How to calm an anxious dog down
There are plenty of things that can give our dogs the jitters. From the clear-cut ones like travelling, thunderstorms, fireworks or the hoover, to other triggers like a new environment or unfamiliar people or pets.
It’s important to understand what’s causing the anxiety before you try to treat it – once you pinpoint the reason for it, you can then begin to help your faithful friend. It’s a good idea to take them to the vet in case there are any medical issues that are responsible for your dog’s anxiety.
How do dogs show signs of anxiety?
There are a number of signs that may show that your dog is stressed, which include:
- Excessive panting
- Cowering or hiding
- Whimpering, whining, howling or barking
- Tucking their tail between their legs
- Flattening their ears back against their head
- Lip licking or drooling
- Paw raises
- Destructive or hostile behaviour
How to calm your anxious dog
Giving your dog plenty of physical and mental stimulation is a vital part of treating lots of behavioural problems.
Exercise your dog
Exercise produces endorphins which relieve stress. Plus if your dog’s pooped they’ll be more likely to nap – so tire them out!
If your pooch has a lot of pent-up energy and they’re still not tired out after a few long walks, try incorporating hilly terrain or a swim into your route. You can get more mileage out of a good game of fetch using a ball launcher or frisbee.
Keep them mentally stimulated
Our pooches are super smart! Give them lots of opportunities to explore interesting places, learn new things, and solve problems.
- Explore new routes when you go for walkies – dogs interpret the world around them through smell so let them have a good old sniff around
- Learning commands and new tricks can keep them engaged and boosts confidence
- Take them to work with you once in a while if you can
- Find a fun new hobby that requires focus, like agility classes or scentwork
- Play to their appetite – hide food around the house or give them treats in a food-dispensing toy
- Rotate their toys and introduce new ones – puzzle toys are especially good for antsy dogs
Give them affection
Is your pooch looking a bit tense? They used to say that stroking your pet when they’re anxious could make them more afraid, but that’s just a myth. As long as you calmly reassure them it’s fine. So go ahead and snuggle up on the couch or bust out the brush for a gentle pamper sesh.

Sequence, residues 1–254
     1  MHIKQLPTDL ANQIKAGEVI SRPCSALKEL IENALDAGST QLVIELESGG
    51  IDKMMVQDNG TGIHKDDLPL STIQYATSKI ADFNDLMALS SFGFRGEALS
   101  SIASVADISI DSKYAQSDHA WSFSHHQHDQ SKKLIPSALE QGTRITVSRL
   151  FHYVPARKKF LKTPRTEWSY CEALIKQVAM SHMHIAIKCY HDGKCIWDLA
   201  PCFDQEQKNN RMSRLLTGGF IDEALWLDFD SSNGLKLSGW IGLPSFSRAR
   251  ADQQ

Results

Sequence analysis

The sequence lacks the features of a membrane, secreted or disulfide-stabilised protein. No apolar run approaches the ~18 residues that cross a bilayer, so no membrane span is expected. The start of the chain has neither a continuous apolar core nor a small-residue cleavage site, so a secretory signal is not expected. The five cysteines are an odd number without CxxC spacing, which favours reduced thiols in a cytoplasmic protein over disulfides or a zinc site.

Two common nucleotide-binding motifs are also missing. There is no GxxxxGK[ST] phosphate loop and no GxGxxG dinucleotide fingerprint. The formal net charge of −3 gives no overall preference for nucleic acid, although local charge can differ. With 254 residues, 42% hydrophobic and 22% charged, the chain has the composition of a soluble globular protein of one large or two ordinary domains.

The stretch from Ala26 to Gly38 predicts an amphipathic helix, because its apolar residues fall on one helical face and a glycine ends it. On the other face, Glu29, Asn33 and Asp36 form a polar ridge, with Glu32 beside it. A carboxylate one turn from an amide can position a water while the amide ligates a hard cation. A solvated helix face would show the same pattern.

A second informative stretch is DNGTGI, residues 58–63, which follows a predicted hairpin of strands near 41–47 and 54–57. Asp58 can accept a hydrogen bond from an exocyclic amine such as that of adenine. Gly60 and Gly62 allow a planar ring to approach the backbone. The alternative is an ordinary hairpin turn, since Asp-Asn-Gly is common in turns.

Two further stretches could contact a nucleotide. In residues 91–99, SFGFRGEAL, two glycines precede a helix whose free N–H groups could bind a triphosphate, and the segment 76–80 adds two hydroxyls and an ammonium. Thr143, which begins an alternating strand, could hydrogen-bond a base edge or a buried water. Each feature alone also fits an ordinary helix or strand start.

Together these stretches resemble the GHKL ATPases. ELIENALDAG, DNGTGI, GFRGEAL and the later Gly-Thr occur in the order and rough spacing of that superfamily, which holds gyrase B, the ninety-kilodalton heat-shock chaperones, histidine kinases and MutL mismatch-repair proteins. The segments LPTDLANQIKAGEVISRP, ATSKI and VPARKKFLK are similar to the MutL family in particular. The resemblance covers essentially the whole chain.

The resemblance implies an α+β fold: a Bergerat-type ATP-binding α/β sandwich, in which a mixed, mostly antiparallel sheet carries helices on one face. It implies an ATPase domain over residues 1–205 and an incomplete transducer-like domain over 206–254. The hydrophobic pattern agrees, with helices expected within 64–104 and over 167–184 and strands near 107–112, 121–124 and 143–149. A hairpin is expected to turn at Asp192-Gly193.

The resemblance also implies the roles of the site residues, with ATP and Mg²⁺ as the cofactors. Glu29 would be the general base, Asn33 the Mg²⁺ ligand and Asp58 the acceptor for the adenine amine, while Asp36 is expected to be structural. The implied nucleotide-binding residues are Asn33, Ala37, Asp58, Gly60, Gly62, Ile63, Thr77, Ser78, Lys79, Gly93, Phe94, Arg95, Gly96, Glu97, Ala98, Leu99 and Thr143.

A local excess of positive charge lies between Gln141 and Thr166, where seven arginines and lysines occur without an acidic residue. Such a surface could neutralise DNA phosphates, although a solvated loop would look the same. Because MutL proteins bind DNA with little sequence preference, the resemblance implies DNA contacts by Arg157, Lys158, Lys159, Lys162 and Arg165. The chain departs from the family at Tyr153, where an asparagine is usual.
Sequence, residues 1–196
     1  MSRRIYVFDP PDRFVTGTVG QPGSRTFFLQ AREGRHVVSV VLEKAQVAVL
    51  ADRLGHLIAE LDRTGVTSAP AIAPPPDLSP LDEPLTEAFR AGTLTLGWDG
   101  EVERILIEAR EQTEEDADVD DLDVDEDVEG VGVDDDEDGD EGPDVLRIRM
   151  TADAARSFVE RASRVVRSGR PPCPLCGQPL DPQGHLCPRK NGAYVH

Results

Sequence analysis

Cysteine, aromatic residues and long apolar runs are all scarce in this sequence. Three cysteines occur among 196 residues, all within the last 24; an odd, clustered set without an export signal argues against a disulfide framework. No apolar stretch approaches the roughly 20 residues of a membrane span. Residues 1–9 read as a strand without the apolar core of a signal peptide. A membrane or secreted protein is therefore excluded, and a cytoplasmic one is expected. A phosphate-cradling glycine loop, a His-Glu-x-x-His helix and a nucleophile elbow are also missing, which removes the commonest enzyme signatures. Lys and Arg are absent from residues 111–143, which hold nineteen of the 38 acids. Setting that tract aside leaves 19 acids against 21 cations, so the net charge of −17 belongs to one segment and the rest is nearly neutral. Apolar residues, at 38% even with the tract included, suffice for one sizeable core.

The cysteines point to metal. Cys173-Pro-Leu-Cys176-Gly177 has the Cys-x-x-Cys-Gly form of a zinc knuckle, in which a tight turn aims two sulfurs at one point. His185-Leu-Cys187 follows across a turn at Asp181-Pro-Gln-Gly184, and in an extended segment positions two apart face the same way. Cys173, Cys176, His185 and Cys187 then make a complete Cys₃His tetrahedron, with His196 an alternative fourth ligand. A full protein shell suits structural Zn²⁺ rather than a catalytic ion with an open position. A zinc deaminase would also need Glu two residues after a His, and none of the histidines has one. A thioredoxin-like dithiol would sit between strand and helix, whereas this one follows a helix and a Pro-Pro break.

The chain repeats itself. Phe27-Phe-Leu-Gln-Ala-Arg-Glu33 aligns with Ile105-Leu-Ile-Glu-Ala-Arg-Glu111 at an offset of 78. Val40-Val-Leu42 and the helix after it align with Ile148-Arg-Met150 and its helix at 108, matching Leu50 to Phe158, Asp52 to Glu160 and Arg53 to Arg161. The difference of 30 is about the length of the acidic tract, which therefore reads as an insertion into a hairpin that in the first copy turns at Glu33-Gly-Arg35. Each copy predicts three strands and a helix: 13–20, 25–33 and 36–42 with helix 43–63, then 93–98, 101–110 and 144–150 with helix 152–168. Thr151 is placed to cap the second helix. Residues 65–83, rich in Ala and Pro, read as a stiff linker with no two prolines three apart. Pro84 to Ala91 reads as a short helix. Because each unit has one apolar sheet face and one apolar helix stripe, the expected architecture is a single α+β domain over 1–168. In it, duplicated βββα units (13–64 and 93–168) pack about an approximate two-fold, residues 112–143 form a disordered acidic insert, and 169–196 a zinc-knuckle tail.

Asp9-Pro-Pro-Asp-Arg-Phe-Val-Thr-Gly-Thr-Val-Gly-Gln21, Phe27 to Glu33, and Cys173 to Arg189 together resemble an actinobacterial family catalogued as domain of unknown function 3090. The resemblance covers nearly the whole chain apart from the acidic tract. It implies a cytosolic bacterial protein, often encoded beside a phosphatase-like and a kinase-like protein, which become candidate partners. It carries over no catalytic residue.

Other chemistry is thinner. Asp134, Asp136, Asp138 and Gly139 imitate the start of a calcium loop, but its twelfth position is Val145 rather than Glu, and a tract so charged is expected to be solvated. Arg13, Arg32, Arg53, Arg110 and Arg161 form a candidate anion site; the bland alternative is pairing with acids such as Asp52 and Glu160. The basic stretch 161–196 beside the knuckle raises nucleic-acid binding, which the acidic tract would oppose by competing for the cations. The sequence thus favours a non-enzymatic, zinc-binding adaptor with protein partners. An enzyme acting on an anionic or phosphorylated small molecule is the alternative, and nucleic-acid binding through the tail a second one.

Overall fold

Music & TV background noise
Leaving the radio on with some soothing classical or instrumental music can mask distracting noises and might help your buddy settle down. If they’re more into the telly, nature shows are usually a winner so line up a series of Planet Earth and let David Attenborough’s soft and raspy voice do the rest!
White noise can also work wonders for nervous doggies. Free apps like YouTube have hours of plopping rain, thundering waterfalls, beating hearts and whirring fan sounds to choose from. Play it either on its own or alongside the TV or radio.
Dogs benefit from weighted blankets as much as we do. They mimic that feeling of being hugged, which releases serotonin and calms their nerves – who doesn’t like a good squeeze?
If your dog’s having an anxious moment, try distracting them with something they’re obsessed with, like their favourite squeaky toy or a game of fetch. You could also ask them to show you that trick they’ve been practicing.
Shifting their focus can help them ignore the thing that’s stressing them out.
A safe space or den
Your dog might need some alone time – don’t we all? Having a cosy, safe space of their own to retreat to will provide them with a sense of security and stability which in turn will help their confidence.
Whether you want to throw a blanket over their crate or make a little den for them under a table, make sure their very own area is a comfortable and quiet little sanctuary for them.
Give your dog a herbal helping hand with some calming supplements. These supplements support natural calming pathways to help give stress a swift kick in the parts!
If these tips don’t manage to show your dog that things aren’t as scary as they seem, speak to your vet for more advice.